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Fourier expansion

  1. Oct 31, 2006 #1
    I'm used to use

    [tex]\tilde{f} (x) = a_n|e_n>[/tex]

    where

    [tex]|e_n> = e^{2 \pi inx / L}[/tex]

    and

    [tex]a_n = \frac{1}{L}<e_n|f>[/tex]

    for my Fourier expansions.

    How do I expand a function in 3 dimensions, for example

    [tex]V(\vec{r}) = \frac{e^{-\lambda r}}{r}[/tex]

    ?
     
  2. jcsd
  3. Oct 31, 2006 #2

    quasar987

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    There is still just one variable in there, no?
     
  4. Oct 31, 2006 #3

    quasar987

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    ---I deleted this, it's mostly nonsense and it does't apply to the problem.---

    But in my opinion, mathematically, it makes no difference if you have an r or an x in there; just do the fourier expansion btw r_0 and r_1 as you would a fct of x.
     
    Last edited: Oct 31, 2006
  5. Oct 31, 2006 #4

    OlderDan

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    The basis functions are products whose factors are the 1-D functions in x, y, and z.
     
  6. Oct 31, 2006 #5
    So [tex]|e_n> = e^{2 \pi in \vec{r} /L} = e^{2 \pi in x /L} e^{2 \pi in y /L} e^{2 \pi in z /L}[/tex] and [tex]r = \sqrt{x^2 + y^2 + z^2}[/tex]?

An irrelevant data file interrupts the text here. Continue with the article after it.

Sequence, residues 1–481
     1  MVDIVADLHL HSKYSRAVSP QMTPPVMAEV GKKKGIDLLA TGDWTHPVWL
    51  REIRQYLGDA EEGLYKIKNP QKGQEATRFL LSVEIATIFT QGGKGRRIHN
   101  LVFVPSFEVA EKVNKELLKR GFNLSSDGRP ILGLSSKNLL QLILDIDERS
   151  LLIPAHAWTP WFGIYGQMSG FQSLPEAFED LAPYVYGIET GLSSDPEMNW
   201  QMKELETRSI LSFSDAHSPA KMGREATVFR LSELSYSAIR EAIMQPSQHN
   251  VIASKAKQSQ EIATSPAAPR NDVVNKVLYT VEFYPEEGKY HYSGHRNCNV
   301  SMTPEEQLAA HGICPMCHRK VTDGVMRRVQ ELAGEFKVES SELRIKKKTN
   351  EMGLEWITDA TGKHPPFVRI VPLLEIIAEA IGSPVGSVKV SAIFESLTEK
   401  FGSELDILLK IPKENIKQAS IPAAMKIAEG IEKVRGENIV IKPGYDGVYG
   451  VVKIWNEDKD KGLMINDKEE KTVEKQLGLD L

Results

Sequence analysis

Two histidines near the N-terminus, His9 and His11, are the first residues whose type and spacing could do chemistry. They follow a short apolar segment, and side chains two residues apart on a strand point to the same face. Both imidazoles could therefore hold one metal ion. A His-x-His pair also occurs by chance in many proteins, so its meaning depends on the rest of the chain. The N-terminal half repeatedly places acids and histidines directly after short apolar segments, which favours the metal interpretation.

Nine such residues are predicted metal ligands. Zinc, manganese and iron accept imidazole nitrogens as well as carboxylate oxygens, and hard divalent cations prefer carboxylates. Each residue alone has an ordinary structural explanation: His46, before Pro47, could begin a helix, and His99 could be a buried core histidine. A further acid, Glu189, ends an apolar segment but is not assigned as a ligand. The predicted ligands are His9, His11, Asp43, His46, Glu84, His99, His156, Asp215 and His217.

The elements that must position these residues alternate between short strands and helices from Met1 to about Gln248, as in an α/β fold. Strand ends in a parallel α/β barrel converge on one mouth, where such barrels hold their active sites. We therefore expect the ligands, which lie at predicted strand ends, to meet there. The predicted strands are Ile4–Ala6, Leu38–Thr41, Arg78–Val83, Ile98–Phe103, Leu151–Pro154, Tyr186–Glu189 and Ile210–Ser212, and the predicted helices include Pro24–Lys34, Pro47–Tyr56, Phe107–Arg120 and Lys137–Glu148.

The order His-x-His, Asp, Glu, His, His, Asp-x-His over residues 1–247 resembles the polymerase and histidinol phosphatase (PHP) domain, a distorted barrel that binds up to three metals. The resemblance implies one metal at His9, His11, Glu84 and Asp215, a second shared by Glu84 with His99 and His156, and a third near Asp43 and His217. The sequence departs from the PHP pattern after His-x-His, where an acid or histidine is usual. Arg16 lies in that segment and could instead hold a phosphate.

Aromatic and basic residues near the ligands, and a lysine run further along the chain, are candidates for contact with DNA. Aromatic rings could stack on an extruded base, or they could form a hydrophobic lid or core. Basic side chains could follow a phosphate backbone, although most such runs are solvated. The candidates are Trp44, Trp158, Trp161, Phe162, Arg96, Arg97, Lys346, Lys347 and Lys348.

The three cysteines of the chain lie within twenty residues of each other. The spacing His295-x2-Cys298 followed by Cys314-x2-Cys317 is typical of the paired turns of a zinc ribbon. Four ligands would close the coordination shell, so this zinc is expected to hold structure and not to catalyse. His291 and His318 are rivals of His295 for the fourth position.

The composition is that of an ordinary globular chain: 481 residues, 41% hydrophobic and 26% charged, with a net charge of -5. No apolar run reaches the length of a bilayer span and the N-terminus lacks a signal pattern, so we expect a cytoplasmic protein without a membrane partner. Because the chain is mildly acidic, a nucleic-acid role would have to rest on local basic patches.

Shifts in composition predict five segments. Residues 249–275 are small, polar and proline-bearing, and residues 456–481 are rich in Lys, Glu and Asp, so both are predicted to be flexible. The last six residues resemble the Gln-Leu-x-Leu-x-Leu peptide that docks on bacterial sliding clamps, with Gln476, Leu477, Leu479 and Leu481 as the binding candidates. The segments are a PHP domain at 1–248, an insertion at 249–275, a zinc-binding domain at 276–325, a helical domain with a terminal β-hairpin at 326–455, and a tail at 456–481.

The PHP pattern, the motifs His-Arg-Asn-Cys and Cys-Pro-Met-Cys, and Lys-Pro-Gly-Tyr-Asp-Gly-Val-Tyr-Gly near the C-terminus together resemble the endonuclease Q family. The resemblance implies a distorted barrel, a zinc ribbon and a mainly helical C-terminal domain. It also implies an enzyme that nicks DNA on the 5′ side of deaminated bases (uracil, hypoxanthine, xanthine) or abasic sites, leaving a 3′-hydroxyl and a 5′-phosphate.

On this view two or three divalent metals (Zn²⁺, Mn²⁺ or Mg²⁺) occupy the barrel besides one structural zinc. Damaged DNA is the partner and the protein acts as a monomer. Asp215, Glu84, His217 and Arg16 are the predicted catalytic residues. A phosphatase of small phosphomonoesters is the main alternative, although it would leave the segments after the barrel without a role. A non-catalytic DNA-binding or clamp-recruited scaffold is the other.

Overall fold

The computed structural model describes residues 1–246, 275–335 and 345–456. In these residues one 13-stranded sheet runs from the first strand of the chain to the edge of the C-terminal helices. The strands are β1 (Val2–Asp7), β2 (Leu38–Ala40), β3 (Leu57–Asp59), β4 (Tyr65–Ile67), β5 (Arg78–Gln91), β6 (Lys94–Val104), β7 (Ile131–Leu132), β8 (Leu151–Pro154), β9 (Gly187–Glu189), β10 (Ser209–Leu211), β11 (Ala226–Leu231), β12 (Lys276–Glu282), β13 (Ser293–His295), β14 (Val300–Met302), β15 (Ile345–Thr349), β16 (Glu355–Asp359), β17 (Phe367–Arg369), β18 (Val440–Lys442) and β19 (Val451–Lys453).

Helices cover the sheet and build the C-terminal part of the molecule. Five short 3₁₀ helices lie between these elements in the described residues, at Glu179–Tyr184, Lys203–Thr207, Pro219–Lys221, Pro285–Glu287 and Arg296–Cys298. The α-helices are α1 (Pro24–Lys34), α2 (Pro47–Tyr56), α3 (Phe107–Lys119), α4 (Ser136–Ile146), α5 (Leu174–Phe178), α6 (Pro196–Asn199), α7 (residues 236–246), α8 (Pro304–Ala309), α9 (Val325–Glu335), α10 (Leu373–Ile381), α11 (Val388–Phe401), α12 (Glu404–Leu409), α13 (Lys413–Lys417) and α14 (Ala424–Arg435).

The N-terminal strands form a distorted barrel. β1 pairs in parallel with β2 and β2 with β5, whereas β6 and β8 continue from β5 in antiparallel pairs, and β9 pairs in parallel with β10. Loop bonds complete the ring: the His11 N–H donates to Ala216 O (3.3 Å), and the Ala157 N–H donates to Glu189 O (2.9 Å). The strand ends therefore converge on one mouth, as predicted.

7. Oct 31, 2006 #6

    OlderDan

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    Yes for the last product on the right and the r; the Ls could be different for each dimension.

    [tex]|e_n> = e^{2 \pi in x /L_x} e^{2 \pi in y /L_y} e^{2 \pi in z /L_z}[/tex]
     
    Last edited: Oct 31, 2006
  8. Oct 31, 2006 #7
    So to expand [tex]V(\vec{r})[/tex] I have to rewrite it in terms of x, y ,z or does quasar987 have a point there?
     
  9. Oct 31, 2006 #8

    OlderDan

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    I thought you wanted the expansion for any function in 3-D. If the function is only a function of r, then you could do a 1-D expansion in r. There are other orthogonal functions that are often used in 3-D in cylindrical or spherical coordinates.
     
  10. Oct 31, 2006 #9
    Yes, first of all I want to solve this problem but I also want to learn something from it. ;)
     
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